Black Kentuckians are experiencing job loss at a higher rate than white Kentuckians in the COVID-19 pandemic. A long history of racist policies ranging from slavery and Jim Crow to white-favoring hiring practices, tax policies and labor standards has led to Black Kentuckians being disproportionately underpaid, underemployed and less financially able to weather economic shocks. The data point to the need for much more in federal aid in order to prevent racial disparities from growing deeper and protect all Kentuckians during the pandemic and recession.
According to recently released data for July, Black Kentuckians made up 16.2% of those who received unemployment insurance (UI) benefits even though they make up only 9.8% of workers whose employer pays for UI – or who are “covered.” The share of UI claimants who are white was 81.7% even though they made up 86.6% of covered workers.
It’s also the case that the modest rehiring that happened over the summer was less likely to benefit Black workers. While the total number of Black UI claimants has only decreased 4.1% since April, the total number of UI claimants who are white has decreased 29.3%. This suggests white Kentuckians were more likely to quickly find new jobs or start back at old jobs after being temporarily laid off in April. The same historical and structural barriers that created and perpetuated already-existing inequalities in wages and employment are now likely causing Black Kentuckians to face higher rates of long-term layoffs (and permanent layoffs are on the rise nationally) and protracted job searches.
A likely contributing factor is structural barriers that have led to Black Kentuckians disproportionately working in service-sector jobs that saw significant job losses immediately following the economic shutdown in April, and that have been slow to return. Black Kentuckians are overrepresented in three industries that still have far fewer jobs than in February, before the pandemic hit Kentucky. Overall, as of July, 52.1% of jobs have returned since the low point in April, but the recovery rates are depressed in industries where Black workers comprise a disproportionate share of employees (their share of all covered workers is 9.8%):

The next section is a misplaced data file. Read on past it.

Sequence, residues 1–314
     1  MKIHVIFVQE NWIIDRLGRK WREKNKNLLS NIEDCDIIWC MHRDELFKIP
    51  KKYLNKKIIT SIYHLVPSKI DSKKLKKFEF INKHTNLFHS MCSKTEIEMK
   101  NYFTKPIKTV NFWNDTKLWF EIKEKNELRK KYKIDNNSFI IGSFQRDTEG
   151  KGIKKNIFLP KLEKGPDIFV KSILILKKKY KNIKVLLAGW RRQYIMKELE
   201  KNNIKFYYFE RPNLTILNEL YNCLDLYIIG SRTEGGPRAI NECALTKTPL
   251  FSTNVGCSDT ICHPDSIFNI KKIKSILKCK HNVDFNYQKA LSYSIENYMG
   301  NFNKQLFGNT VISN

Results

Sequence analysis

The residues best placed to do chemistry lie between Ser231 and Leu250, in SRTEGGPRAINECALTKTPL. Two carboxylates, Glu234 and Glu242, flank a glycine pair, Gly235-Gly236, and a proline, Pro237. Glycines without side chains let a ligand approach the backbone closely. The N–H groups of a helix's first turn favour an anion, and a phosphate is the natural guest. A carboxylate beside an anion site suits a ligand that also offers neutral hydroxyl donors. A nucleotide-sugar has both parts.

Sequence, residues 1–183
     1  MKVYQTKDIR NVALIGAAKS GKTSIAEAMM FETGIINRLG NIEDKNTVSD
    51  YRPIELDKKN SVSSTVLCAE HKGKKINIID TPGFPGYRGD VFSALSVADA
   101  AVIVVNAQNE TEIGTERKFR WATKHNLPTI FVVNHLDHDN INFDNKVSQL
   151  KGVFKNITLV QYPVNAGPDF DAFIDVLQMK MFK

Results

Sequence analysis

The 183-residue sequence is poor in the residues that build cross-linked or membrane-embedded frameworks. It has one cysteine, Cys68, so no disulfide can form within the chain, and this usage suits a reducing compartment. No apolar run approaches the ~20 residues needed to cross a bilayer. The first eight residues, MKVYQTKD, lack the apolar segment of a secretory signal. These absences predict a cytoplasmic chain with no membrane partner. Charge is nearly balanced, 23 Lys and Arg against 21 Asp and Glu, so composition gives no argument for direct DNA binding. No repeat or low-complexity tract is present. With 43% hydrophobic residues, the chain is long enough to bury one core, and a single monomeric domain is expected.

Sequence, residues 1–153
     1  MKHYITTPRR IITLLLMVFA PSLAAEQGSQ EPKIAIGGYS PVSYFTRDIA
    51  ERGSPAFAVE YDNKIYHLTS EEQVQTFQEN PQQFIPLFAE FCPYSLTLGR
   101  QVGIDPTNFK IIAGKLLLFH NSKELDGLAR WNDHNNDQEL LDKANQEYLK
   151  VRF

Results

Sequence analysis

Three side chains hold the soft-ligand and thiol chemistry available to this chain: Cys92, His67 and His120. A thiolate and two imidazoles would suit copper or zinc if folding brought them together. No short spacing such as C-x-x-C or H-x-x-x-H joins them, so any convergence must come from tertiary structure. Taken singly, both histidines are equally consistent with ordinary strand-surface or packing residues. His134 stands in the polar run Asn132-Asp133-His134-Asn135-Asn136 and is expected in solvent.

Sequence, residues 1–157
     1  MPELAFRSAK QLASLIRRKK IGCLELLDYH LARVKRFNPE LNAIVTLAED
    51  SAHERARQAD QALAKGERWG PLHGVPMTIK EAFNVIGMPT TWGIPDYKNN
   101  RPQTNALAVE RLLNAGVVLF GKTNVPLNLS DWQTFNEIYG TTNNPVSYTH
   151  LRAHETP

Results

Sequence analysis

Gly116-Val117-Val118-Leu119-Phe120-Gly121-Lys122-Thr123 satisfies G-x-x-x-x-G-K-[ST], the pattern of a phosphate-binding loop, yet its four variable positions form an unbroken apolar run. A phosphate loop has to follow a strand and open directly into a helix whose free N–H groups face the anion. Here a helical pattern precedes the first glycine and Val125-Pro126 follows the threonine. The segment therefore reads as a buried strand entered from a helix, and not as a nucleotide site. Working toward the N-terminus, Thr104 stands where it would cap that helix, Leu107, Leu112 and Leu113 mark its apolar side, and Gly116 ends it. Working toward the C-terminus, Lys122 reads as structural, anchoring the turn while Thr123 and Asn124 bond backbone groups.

- 19.2% of Kentucky workers in Administrative, Support, Waste Management and Remediation Services (many of which are temporary agency jobs) are Black, but the industry has only recovered 22.2% of jobs lost.
- 13.9% of Kentucky workers in Transportation, Warehousing and Utilities are Black, but the industry has only recovered 15.0% of jobs lost.
- 13.6% of Kentucky workers in Accommodation and Food Services (the industry hardest hit by the COVID-19 recession) are Black, and while the industry has recovered 70.7% of jobs lost, there are still 23,700 fewer jobs than there were before COVID-19-related job loss began.
Additionally, the share of Kentucky UI claims that are women rose slightly from 48.6% in April to 53.3% in July. Wage replacement is critically important to address the overrepresentation in layoffs for women, especially Black women who tend to have less to fall back on in hard times.
Without significant, continued and even expanded federal assistance to individuals and to states, Black Kentuckians will continue to bear a disparate share of the immediate as well as long-term economic harm. The Lost Wages Assistance program that provides $300 a week in federal funds for some unemployed Kentuckians is ultimately insufficient and short-lived. Rather, Congress, and specifically the Senate, must provide robust additional federal aid to prevent racial and gender inequities from growing further and to help all Kentuckians get by during this unprecedented economic crisis.